f you’ve applied to dozens of jobs but haven’t received any interviews, a warning signal should be going off. There are a number of reasons why employers don’t respond to your resume, and most of them can be easily fixed. Increase your chances that employers will respond to your resume positively by fixing these potential gaffes.
You Submitted It Online Sending your resume to an organization with no context whatsoever is a surefire way to get lost in the black hole that is the applicant tracking system. You can apply online if it’s mandatory, but try to route your resume through a personal contact in the organization.
You Didn’t Customize It to the Open Position
In today’s tough job market, every resume should be crafted in response to the requested experience and responsibilities listed in the job description. If your resume is off target, it will quickly be put aside. So yes, this means you must have multiple versions of your resume.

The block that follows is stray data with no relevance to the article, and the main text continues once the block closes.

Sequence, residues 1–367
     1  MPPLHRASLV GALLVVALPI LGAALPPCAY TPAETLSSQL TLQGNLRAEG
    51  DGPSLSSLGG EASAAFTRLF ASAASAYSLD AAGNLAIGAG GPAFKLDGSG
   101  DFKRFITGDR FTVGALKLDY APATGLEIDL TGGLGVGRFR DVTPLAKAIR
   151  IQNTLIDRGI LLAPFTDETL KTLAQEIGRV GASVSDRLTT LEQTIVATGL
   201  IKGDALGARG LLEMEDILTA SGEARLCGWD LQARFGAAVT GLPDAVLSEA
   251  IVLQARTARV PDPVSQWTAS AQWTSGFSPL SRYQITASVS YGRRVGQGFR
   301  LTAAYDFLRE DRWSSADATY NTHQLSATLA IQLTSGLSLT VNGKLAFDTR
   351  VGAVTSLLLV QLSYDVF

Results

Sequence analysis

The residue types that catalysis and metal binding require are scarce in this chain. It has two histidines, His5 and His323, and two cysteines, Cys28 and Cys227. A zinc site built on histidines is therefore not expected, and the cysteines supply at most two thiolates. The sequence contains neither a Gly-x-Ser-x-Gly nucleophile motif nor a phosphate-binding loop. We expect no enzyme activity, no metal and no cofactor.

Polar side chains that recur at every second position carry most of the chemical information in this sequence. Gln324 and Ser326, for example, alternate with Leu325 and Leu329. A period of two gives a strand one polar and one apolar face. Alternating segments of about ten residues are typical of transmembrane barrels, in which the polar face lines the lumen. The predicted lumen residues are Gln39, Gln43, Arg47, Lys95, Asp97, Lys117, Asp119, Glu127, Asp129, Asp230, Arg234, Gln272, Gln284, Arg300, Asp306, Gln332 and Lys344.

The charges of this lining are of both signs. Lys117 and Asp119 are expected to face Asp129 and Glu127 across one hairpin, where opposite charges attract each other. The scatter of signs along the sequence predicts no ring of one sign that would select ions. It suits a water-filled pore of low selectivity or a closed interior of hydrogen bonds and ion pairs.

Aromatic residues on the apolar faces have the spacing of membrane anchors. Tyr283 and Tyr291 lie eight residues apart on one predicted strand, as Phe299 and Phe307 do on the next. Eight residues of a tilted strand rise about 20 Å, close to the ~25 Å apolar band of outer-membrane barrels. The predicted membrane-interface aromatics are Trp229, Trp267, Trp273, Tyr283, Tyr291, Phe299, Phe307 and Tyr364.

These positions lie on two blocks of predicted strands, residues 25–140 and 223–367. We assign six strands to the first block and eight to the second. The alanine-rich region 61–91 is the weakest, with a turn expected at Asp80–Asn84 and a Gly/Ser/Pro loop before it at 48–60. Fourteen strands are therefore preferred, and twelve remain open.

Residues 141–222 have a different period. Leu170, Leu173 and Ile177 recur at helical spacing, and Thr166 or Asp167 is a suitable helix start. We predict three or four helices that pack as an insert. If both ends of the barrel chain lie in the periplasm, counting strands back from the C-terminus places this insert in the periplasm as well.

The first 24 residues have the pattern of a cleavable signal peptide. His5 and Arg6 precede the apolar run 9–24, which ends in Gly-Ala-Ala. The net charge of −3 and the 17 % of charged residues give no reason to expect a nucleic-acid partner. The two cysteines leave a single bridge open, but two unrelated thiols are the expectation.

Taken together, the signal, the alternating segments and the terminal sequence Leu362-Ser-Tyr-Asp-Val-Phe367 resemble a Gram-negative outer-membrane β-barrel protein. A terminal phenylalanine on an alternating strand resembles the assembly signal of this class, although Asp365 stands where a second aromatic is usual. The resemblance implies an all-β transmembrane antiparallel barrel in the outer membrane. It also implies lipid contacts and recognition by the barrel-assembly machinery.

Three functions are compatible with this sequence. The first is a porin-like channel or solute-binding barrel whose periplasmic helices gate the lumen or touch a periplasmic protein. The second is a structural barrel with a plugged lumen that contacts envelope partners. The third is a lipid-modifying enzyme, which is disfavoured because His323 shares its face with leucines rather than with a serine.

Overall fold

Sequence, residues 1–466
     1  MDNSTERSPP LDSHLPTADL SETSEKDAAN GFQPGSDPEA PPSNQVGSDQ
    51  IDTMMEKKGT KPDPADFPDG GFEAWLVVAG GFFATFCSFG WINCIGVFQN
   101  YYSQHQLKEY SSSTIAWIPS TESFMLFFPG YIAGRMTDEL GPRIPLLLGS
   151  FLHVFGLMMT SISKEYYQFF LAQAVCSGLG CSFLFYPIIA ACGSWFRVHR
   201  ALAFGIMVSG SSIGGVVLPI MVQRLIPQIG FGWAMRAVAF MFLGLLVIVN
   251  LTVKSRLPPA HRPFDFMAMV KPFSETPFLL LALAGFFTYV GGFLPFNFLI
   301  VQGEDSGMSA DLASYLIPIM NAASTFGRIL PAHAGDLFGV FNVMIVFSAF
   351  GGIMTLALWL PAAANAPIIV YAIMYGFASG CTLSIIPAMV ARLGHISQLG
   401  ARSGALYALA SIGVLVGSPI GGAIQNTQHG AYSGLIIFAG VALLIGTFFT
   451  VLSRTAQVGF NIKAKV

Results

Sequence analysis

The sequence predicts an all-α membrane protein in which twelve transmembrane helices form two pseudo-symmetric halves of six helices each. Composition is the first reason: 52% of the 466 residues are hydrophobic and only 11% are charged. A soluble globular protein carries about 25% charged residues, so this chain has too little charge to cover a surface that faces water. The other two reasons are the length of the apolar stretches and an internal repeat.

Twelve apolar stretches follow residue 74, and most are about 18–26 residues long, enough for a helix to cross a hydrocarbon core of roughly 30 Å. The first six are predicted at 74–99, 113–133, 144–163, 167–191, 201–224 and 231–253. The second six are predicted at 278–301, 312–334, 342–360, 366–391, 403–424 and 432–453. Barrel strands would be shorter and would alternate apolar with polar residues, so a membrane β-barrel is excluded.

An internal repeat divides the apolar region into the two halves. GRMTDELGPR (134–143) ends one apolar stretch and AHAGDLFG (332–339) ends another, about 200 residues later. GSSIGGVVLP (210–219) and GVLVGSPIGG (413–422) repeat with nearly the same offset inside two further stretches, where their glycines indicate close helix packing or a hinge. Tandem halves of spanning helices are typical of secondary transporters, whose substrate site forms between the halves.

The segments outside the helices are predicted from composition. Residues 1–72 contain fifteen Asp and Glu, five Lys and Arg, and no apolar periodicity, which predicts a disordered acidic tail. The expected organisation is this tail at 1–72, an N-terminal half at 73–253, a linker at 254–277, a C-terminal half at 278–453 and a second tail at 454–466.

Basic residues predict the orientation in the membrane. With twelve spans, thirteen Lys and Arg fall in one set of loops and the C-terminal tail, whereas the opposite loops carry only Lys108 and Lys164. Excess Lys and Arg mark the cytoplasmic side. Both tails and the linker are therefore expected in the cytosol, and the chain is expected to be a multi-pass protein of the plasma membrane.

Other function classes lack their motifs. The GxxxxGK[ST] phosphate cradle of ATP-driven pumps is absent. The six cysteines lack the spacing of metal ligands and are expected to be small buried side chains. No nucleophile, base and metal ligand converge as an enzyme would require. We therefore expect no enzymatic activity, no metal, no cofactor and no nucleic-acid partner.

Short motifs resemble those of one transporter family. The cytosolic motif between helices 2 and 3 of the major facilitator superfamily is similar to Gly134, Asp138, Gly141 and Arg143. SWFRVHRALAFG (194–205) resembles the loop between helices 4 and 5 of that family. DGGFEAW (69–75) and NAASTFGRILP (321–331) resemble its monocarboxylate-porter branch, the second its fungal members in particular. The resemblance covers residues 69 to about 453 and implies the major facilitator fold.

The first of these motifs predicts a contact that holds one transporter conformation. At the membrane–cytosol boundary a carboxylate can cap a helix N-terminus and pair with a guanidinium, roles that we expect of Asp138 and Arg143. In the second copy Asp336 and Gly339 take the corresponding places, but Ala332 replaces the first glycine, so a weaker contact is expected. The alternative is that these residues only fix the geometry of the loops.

You Wasted Space and Attention
The average resume gets read in about 30 seconds, and in that time, you have to turn them on rather than turn them off. An ultra-specific objective will pigeonhole you into a particular position when the hiring manager might consider you for another opening. Adding too much information about your volunteer work and hobbies looks amateurish, as does saying that “references are available upon request.” Believe me, if they want references, they’ll ask for them.
For more, please visit the full post over at the FlexJobs blog.